Like many people in my generation, I was raised with the idea that vulnerability was a weakness. Showing vulnerability was something to be avoided. Many of us were taught that if we were ever feeling vulnerable it was best for us to do everything possible to hide this from others.
This mindset regarding vulnerability did not serve us well and thankfully I realized that at a relatively young age. While suppressing vulnerability at all costs may serve a person well when facing a saber-toothed tiger or facing an armed enemy, it does not serve a person well when it comes to living and loving well. In fact, as I learned just this week, there is now extensive research that shows that the key to living well, the key to living a whole-hearted life, is the ability to feel and express vulnerability.
I am in Houston this week for a national conference of leaders in the Episcopal Church who are passionate about helping others to learn about life-giving approaches to teaching and experiencing the Christian faith. One of the keynote speakers for this conference, Dr. Brené Brown, is a graduate professor in the school of social work at the University of Houston, and is also an active member of Christ Episcopal Cathedral in downtown Houston where we were meeting. We had the privilege to sit in her church, listening to her tell us about her research on “the power of vulnerability.” We were not the first people to hear this fascinating woman speak about vulnerability.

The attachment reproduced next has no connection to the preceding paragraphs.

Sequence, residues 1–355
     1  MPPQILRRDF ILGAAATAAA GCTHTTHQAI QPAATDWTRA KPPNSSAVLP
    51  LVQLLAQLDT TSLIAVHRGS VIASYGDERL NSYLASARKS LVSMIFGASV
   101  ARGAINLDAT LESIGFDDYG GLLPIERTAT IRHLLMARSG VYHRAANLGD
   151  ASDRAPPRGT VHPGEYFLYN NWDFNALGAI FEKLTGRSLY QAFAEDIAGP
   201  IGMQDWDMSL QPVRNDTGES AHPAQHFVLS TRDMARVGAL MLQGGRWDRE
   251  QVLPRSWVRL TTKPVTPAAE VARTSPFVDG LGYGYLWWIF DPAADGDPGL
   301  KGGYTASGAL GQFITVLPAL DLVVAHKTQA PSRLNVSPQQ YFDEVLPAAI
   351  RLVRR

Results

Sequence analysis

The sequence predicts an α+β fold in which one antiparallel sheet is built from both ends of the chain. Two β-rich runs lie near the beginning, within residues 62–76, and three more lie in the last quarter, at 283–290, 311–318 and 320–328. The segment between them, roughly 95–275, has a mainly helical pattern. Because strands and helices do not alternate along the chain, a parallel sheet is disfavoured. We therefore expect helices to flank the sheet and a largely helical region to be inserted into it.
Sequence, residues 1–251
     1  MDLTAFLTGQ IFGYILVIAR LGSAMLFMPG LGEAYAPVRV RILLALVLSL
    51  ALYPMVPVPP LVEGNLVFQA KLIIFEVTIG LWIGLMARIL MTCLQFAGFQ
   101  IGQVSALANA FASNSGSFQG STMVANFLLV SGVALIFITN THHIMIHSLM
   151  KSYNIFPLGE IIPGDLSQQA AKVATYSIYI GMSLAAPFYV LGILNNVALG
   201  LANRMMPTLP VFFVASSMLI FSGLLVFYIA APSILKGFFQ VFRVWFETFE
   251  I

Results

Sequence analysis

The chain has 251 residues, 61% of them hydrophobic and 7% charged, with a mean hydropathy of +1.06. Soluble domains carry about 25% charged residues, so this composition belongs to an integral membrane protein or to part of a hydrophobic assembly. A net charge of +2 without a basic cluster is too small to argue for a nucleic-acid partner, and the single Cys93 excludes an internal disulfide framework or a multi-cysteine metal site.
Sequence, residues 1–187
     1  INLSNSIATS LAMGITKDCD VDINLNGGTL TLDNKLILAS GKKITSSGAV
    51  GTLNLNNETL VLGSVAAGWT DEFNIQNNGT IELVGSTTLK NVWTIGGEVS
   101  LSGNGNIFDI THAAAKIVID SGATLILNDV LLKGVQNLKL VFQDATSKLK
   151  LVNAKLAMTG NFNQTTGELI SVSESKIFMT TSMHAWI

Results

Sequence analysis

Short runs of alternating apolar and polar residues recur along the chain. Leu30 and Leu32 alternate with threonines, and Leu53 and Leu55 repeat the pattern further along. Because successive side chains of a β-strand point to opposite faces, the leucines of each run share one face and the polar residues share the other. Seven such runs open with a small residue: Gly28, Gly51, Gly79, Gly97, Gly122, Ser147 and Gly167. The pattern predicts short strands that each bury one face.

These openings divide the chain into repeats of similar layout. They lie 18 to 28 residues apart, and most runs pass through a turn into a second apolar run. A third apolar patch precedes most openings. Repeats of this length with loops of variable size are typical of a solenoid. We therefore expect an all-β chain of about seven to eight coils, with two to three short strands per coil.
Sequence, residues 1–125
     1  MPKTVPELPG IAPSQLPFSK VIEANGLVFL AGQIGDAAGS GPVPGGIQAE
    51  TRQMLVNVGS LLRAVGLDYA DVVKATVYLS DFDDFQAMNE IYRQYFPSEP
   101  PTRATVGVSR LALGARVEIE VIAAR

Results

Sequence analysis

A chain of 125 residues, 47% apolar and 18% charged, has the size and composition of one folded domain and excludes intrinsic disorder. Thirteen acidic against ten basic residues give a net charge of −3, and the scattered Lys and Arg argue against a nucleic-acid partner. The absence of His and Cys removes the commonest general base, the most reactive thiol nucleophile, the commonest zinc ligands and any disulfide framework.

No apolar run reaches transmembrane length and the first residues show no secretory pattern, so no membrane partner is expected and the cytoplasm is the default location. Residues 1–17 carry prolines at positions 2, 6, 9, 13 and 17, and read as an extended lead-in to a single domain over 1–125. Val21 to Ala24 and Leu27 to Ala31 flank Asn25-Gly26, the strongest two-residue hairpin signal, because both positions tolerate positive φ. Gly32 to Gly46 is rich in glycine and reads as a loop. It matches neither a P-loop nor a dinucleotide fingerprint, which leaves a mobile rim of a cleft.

The fact is that over 18,000,000 people have watched Brené Brown’s twenty minute TED talk on “The Power of Vulnerability.” (I highly recommend it. You can watch it here.) It is one of the most widely watched of all TED talks. Additionally, Brown has had several bestselling books on this topic and she consults regularly, not just with church leaders, but with the leaders of Fortune 500 companies as well.
In brief summary of Brown’s research, she has discovered that while blocking or numbing feelings of vulnerability may help us deal with pain in the short run, in the long run it also blocks us from the ability to form meaningful connections with others. As I heard her say this week, “Vulnerability is the birthplace of joy, of creativity, of belonging, and of love.” It turns out that science now proves that the advice that we should do our best to hide feelings of vulnerability is not at all helpful, as was once believed. Instead, the ability to express vulnerability is a key to experiencing happiness and joy.
Here is a concrete application of what Brown is saying. Imagine you have experienced a loss recently–perhaps the death of someone you love, a recent illness, job loss, or some other kind of hurt or set back. When a friend asks you how you are doing your first instinct might be to avoid any expression of vulnerability and respond that you are doing just “fine.” The problem with this, of course, is that is not true. You know it, and the person you are responding to, knows it, too.
Now imagine instead that, while it is not easy, you choose to be vulnerable with that friend and respond by sharing with them how difficult it is for you right now. Responding in this way will do several things. It will immediately deepen your connection with this person, it will help with your own healing, and it will likely illicit a response from your friend that lets you know that he or she may have experienced something similar in his or her life and that you are not alone in feeling the way you are feeling.
Dr. Brown’s research on vulnerability is counter-intuitive to what most of us have previously been taught and believed. I hope you will do yourself a favor and watch one of her TED talks or read one of her best selling books. More importantly, my hope for you, as it is for myself, is that we will have the courage to live our lives in ways that promote wellness through authenticity, and vulnerability so that in the end we can experience a life of joy and whole-heartedness.